Car history checks are incredibly important to run when you are about to purchase a used car. Whilst you understand the importance of a vehicle history check you probably would like to know what some of the checks include and why they are important.
Below we will explain what some of the advanced car history checkers provide in terms of data and what it means to you.
The value of a car is generally determined by the physical appearance, the mechanics of the car, and the mileage. Because of the direct relation to the value of the car you need to ensure there is no mileage anomaly alert of the car. Running a vehicle check ensures you can see for yourself if there are any mileage anomalies and issues plus, most checks will automatically alert you to any mileage related issues.
This important car check will help you to dig deeper to find out some more information as there could be a genuine reason for the mileage change. You need to ask questions around this but be vigilant with making a final decision when a car has a mileage anomaly alert.
If you happen to be looking at buying a relatively new used car, around 3 years old for example, then there is a chance it once had finance or may still have finance with outstanding payments left. An outstanding car finance check is generally run with Experian which is a 3rd party data provider.
The data that is included with an outstanding finance check will include:
- Agreement type
- Agreement number
- Date of contract
- Supplying finance company
- If applicable – direct contact information
Now if the vehicle has outstanding finance you then need to walk away from it. The issue with outstanding finance is that the company which owns the vehicle will likely try to recover the car. The reason being that the finance contract still stands and needs to have all payments fulfilled. Unfortunately, if you buy a car still on finance then you will need to give it back, with no compensation being reimbursed to you. This is not a pleasant experience and ultimately will cost you a lot in the long run.
Checking if a car has been stolen will pull data from the Motor Insurance Database and the Police National Computer (PNC) to look for any occurrences when the car was reported as stolen and if it currently is. This is an important check that needs to be run when looking at buying a used car.
If you are found with a stolen car you will inevitably have to proof that you never know it was stolen, you will inevitably lose the car and ultimately have to spend wasted time on confirming that you never knew the car was stolen. Getting a car check that provides this check instantly minimises the level of stress you will have at a later date if it turns out things are not as it should with the car.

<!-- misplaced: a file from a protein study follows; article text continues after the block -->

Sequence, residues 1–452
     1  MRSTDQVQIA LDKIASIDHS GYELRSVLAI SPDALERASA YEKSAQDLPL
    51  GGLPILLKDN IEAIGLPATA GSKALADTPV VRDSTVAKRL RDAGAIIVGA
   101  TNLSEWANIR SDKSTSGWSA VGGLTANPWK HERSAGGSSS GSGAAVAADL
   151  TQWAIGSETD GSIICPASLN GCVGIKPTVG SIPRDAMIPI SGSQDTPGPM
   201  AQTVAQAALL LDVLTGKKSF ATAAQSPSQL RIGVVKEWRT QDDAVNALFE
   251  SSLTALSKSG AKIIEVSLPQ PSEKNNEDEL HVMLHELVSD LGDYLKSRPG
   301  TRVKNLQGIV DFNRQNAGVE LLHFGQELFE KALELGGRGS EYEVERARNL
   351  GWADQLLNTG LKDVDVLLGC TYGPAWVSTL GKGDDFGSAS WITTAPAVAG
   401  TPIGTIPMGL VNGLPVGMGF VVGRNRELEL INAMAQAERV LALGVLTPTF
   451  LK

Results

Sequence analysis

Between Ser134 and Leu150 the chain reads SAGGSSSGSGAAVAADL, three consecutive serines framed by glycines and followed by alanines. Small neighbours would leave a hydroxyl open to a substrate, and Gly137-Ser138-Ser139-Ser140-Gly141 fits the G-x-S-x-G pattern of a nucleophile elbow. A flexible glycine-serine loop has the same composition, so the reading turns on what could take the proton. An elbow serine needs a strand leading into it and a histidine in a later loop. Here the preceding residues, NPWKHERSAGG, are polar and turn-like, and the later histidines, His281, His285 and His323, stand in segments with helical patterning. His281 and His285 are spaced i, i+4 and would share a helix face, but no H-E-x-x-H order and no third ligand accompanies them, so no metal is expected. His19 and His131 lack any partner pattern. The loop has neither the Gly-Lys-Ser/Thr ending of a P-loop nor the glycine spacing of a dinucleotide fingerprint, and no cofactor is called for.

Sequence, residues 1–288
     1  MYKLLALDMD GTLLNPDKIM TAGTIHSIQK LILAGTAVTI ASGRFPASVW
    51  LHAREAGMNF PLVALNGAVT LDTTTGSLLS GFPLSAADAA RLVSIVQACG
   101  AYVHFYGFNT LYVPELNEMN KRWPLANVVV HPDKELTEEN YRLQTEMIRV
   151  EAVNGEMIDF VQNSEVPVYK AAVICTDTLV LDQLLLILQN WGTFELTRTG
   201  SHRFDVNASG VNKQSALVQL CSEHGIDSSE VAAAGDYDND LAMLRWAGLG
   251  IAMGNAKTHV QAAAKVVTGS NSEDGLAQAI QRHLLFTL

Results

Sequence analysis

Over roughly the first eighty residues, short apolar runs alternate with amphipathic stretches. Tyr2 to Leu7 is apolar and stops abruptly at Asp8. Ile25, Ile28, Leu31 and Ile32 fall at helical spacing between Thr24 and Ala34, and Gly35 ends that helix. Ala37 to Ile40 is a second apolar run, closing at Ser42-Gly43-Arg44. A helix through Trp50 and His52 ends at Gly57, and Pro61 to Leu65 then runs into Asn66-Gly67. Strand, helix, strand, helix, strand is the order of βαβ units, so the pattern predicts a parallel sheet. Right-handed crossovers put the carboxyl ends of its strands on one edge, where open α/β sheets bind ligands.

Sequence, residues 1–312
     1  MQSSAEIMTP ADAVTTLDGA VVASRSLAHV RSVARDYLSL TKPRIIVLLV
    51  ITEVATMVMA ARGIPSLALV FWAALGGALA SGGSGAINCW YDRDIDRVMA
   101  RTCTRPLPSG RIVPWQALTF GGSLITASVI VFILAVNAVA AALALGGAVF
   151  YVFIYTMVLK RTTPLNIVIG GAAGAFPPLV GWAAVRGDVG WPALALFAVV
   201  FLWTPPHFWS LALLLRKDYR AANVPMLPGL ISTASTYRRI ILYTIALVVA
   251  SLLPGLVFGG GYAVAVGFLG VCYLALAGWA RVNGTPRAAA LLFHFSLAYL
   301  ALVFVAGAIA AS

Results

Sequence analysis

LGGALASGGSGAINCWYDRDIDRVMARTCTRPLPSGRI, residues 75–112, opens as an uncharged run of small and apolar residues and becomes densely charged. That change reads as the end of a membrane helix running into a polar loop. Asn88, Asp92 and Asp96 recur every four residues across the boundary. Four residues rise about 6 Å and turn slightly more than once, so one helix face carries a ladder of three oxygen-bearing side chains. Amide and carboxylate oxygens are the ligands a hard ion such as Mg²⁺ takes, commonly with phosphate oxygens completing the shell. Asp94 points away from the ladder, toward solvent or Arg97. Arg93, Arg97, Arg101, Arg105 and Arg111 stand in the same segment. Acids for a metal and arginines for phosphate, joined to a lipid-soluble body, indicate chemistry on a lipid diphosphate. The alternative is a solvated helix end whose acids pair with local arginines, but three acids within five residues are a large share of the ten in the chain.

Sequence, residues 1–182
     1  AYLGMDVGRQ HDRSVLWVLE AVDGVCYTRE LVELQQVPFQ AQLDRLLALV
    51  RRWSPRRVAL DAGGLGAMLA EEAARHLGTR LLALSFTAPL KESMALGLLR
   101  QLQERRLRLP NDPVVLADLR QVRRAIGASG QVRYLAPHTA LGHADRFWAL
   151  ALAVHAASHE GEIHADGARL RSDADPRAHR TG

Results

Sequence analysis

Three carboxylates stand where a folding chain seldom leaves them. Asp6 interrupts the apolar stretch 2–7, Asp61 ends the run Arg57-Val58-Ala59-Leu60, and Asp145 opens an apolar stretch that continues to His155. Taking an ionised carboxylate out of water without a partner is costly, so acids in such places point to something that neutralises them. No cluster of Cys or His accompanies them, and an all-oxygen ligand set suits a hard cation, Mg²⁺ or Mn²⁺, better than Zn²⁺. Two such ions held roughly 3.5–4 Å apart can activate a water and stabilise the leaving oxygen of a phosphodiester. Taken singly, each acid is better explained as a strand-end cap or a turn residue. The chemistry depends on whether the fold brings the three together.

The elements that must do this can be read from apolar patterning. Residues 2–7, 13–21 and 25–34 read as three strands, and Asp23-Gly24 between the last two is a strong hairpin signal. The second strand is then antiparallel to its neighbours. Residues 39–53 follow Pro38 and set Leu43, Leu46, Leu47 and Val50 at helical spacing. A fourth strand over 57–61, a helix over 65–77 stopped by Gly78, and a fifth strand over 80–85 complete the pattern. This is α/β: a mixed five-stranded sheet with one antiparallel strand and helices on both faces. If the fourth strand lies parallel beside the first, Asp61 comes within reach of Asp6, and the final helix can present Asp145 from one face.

An insurance write-off means the car was considered too expensive to repair in comparison to the value of the car itself. This check will go through the MIAFTER database to see if there have been any reports of the car as a write-off.
You need to know that there are a number of write-off categories which includes: A, B, C, D, S and N with the date too. Knowing if the car has been written-off will help to determine the true value and if it is safe to drive. A written-off car can be a hazard to yourself and people around you on the road, plus it can get expensive if things were not repaired properly.
This tells you if the vehicle has been legally scrapped which is only done by DVLA accepted salvage yards with a Certificate of Destruction being issued. The certificate is only issued once the recycling process has been completed – this could take longer if the salvage yard finds parts of the car that can be stripped and sold on. The DVLA gives the salvage yard the ability to make the choice of what should happen to your car and when.
This check helps you understand if the vehicle has been on the move around the world. Please be warned that if this is true for a vehicle then the car’s history may by limited.
This car check tells you if the vehicle was involved in a major accident that was repaired and required a VIC inspection. This could be a sign of a big crash which would instantly lower the value of the car, even if it was repaired well. This is crucial to know and understand as it could point to upcoming issues.
This check is also used to determine if there is a mileage anomaly with the vehicle. By pulling data from the Ministry of Transport you are able to get data that includes date and time, pass/fail, fail reasons and advisories. All of this information is ideal for understanding any potential recurring issues, if there’s a mileage anomaly and if the vehicle has been maintained and is in good mechanical condition.
Know the number of times that the car has had a full colour change since it was first registered. This is important to know to ensure that it has not be stolen and has had a colour change to mask the car’s true identity.
The Motor Insurance Bureau database provides information that determines the legality of the vehicle. Does it have insurance, road tax and MOT (unless declaring SORN).
A vehicle keeper’s history check will provide you with information such as number of previous owners and dates. If a vehicle has lots of keepers in a short space of time then you should be aware of any potential issues that it may have.
But it is a common exercise to replace car’s on a yearly basis when they are brand new, do not be alarmed if a car that is 1 year’s old has 2 owners. Do remain vigilant and use the vehicle history report to dig deeper and ask the relevant questions when buying a car.
Most car checks provide running cost data – fuel and road tax – which can help you understand what the long term costs are going to look like for that specific car.
Performance & Spec
Running a free car check will provide you with the general specification and performance stats of the car that you are checking. This information includes:
- Engine size